against vs up against

mycityofsky

Senior Member
Mandarin
Dear all,

is there any difference between the two sentences?

The bed was up against the wall.
The bed was against the wall.

I mean, can I remove the word "up" in it? What's the exact meaning of "up" here?

Thanks in advance.
 
  • HolyUnicorn

    Senior Member
    Mandarin / the Shanghai Dialect
    Is up against and against completely interchangeable in the three sentences below?



    1) I was sitting in the window seat when this humongous football player sat down next to me. The guy took up a seat and a half. I was literally pinned (up) against the window.

    2) She pushed the pillows (up) against the wall and lay upon the mattress.

    3) He leaned his head (up) against the window and prayed.
     

    LearnGrammar

    New Member
    Sri Lanka
    But becareful with a certain context that looks like this;

    The plans for the new bridge ran up against strong local opposition.

    “ran up againts” is inseparable, a phrasal verb to mean ‘to experience an unexpected difficulty’.

    Just in case! It may not be important to you! :)
     

    HolyUnicorn

    Senior Member
    Mandarin / the Shanghai Dialect
    But becareful with a certain context that looks like this;

    The plans for the new bridge ran up against strong local opposition.

    “ran up againts” is inseparable, a phrasal verb to mean ‘to experience an unexpected difficulty’.

    Just in case! It may not be important to you! :)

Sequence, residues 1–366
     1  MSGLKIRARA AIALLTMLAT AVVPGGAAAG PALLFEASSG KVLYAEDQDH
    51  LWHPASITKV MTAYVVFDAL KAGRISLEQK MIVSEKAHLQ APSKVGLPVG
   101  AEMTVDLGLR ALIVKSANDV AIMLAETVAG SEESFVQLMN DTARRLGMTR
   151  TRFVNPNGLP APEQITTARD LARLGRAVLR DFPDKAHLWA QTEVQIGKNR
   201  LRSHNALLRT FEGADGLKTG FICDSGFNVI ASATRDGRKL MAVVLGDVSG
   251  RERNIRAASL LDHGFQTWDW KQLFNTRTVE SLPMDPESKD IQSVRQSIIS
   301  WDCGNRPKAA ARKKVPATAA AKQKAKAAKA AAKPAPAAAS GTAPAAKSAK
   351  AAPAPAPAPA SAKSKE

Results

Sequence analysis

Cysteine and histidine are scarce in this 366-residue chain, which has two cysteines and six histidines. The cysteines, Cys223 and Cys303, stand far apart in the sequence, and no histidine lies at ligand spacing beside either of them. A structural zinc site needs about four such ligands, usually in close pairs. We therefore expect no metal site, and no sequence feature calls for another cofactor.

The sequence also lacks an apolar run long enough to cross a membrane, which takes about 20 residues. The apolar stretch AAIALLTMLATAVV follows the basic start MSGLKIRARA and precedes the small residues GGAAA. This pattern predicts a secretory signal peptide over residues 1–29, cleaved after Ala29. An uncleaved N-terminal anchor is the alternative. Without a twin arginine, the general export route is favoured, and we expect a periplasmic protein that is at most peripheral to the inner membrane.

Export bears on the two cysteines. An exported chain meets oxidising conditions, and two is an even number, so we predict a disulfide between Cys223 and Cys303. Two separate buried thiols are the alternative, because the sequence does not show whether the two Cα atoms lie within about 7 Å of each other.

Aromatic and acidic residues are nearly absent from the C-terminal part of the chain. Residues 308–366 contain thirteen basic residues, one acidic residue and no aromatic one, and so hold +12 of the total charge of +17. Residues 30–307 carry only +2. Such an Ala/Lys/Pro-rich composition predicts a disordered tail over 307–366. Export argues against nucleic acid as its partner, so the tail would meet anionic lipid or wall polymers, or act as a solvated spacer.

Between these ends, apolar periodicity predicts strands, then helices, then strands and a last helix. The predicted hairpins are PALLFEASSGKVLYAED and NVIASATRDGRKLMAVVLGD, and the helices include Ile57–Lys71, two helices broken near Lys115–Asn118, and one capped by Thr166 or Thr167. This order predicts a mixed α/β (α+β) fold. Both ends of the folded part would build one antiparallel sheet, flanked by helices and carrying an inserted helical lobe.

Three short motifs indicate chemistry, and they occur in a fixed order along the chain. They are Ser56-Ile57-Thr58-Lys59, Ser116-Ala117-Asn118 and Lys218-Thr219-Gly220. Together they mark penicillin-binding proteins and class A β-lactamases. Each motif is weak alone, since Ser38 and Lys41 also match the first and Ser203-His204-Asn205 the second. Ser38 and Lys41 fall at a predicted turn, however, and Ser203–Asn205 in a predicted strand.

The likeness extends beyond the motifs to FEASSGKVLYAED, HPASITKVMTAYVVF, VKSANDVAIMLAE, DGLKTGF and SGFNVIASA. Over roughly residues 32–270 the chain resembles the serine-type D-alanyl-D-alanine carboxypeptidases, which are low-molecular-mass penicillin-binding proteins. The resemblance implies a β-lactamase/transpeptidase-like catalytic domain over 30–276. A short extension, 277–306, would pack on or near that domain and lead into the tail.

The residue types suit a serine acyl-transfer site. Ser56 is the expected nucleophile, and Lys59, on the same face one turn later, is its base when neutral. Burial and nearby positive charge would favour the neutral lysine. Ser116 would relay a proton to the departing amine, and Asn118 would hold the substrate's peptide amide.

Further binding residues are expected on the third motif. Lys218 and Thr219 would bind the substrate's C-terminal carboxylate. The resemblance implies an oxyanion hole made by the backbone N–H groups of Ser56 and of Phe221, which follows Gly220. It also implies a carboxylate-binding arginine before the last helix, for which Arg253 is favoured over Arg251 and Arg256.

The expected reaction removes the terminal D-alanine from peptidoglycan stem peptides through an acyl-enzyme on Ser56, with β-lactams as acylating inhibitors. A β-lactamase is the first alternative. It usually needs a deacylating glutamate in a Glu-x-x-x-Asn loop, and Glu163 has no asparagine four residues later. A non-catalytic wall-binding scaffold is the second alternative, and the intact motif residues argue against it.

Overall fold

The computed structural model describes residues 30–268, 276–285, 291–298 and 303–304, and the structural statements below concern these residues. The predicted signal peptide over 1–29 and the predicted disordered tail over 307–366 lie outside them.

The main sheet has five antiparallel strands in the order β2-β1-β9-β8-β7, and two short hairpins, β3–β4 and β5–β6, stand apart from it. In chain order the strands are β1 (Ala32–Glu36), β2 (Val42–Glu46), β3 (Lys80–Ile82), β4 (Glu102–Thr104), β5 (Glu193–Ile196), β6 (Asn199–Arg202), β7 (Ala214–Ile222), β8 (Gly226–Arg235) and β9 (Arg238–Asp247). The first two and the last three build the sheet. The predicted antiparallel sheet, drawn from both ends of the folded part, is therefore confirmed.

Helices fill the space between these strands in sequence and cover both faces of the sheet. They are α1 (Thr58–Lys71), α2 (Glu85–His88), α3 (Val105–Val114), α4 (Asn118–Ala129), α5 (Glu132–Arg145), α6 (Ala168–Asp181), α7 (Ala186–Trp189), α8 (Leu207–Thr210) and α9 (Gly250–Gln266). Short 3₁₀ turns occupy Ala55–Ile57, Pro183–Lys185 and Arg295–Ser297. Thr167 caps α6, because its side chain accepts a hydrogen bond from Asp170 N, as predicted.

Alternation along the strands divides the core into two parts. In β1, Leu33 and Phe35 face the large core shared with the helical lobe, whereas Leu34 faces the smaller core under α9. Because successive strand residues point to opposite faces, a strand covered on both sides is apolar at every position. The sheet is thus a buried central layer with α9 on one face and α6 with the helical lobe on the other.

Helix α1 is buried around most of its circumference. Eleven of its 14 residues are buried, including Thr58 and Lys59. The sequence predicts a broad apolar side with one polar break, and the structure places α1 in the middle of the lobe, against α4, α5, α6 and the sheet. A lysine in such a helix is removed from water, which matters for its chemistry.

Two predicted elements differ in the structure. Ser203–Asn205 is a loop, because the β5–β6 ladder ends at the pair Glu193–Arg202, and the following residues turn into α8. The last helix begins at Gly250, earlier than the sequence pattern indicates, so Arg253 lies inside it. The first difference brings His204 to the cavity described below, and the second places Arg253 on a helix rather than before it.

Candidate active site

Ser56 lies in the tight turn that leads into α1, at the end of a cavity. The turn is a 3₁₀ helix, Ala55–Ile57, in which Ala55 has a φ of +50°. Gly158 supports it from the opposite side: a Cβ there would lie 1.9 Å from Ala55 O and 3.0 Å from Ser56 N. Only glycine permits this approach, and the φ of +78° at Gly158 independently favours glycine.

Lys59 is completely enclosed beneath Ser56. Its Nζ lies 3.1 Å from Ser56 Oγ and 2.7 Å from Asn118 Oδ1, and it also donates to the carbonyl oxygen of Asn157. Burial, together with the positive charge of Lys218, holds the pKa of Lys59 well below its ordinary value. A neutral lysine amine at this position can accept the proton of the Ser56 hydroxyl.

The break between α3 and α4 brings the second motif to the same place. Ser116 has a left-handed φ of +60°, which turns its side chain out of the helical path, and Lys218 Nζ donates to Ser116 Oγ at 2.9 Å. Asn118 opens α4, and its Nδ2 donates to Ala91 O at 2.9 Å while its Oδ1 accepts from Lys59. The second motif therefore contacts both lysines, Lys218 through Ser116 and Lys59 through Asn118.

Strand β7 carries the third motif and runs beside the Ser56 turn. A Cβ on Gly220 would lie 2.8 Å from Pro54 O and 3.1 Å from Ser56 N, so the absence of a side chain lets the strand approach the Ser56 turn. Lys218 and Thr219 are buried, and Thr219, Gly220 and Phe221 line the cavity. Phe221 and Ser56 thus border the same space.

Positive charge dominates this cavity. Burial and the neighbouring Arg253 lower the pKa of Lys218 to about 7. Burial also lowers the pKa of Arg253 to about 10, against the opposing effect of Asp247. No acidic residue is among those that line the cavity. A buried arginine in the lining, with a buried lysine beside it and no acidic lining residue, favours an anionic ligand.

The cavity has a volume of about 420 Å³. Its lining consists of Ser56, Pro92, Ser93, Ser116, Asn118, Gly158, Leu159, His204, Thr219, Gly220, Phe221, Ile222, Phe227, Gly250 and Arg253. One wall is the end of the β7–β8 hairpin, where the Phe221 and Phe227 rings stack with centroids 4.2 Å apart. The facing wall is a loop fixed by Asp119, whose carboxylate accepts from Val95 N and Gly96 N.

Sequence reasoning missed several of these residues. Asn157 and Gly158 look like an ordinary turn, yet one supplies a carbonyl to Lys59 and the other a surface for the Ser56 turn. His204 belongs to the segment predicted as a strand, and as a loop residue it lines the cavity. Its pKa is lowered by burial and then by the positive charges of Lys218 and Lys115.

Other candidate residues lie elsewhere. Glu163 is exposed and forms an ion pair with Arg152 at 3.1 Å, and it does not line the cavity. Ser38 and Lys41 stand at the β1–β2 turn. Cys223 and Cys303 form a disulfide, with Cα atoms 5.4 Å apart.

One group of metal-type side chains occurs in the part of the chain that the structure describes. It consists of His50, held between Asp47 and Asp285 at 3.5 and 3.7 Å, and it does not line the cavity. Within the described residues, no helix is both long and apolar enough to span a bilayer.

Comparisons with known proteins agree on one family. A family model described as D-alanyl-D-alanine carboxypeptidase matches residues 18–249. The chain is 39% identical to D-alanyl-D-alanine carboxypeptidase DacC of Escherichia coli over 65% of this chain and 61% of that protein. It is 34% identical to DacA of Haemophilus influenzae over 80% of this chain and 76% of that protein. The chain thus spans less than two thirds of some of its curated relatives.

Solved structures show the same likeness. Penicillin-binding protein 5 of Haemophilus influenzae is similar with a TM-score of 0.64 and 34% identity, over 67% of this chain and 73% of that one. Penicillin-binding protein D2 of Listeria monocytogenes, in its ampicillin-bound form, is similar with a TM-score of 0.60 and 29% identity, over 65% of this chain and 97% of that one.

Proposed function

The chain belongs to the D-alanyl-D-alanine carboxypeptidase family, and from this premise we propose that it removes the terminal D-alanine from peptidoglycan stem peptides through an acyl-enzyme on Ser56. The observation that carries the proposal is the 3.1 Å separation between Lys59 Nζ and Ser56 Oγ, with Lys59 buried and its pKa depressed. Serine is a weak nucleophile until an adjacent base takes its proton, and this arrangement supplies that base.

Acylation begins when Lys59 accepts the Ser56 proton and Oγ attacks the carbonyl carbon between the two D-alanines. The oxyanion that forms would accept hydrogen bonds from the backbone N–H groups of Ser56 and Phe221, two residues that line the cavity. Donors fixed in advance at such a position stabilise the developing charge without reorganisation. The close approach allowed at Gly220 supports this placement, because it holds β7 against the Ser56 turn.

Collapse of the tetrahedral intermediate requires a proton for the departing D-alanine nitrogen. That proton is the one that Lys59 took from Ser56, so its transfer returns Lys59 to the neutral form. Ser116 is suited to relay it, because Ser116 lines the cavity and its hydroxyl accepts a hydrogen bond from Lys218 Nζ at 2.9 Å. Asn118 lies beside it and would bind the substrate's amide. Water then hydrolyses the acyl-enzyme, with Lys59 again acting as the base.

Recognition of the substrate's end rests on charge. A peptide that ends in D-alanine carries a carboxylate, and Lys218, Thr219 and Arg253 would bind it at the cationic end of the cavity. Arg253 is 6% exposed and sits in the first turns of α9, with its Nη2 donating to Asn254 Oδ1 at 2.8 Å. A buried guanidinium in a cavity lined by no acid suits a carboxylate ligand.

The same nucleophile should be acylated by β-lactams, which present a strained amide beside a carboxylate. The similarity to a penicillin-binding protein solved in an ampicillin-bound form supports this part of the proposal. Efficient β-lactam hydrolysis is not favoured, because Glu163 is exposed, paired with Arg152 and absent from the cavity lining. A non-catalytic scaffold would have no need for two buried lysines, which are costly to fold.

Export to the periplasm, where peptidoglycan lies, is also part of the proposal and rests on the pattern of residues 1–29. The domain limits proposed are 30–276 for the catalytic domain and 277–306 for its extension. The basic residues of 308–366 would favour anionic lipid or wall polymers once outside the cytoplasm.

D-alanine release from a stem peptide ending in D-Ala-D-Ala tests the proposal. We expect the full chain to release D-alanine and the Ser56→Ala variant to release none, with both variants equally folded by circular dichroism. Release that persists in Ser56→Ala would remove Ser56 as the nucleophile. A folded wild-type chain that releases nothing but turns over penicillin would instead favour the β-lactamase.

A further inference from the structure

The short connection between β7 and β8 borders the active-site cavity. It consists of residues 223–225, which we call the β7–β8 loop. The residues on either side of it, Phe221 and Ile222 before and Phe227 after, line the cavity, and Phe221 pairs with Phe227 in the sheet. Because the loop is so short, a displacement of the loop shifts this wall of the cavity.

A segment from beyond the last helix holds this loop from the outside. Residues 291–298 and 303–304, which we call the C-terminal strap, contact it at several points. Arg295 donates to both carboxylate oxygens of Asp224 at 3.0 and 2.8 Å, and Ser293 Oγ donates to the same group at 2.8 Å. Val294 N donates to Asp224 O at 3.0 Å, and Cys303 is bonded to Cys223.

Thanks for your help . :rolleyes: , LearnGrammar. Good to know that. However, in my sentences, regarding the literal meaning of (up) against, is there any difference? According to Merriam Webster, "up against" means" placed so as to be touching (something)". If something is "against" something else, it also touches that thing. I cannot see any difference between up against and against. :confused:
     

    Florentia52

    Modwoman in the attic
    English - United States
    However, in my sentences, regarding the literal meaning of (up) against, is there any difference? According to Merriam Webster, "up against" means" placed so as to be touching (something)". If something is "against" something else, it also touches that thing. I cannot see any difference between up against and against. :confused:
    “Up” sounds odd and unnecessary to me in all three of your sentences.
     

    velisarius

    Senior Member
    British English (Sussex)
    To my British ear, "up against the wall" sounds more squashed than "against the wall" in the first sentence.
    1) I was sitting in the window seat when this humongous football player sat down next to me. The guy took up a seat and a half. I was literally pinned (up) against the window.

    In the second, I imagine that the pillows are in an upright position, as well as being against the wall.
    2) She pushed the pillows (up) against the wall and lay upon the mattress.

    I don't really see what position is suggested in (3). "Up" seems to be redundant, or confusing.
    3) He leaned his head (up) against the window and prayed.
     
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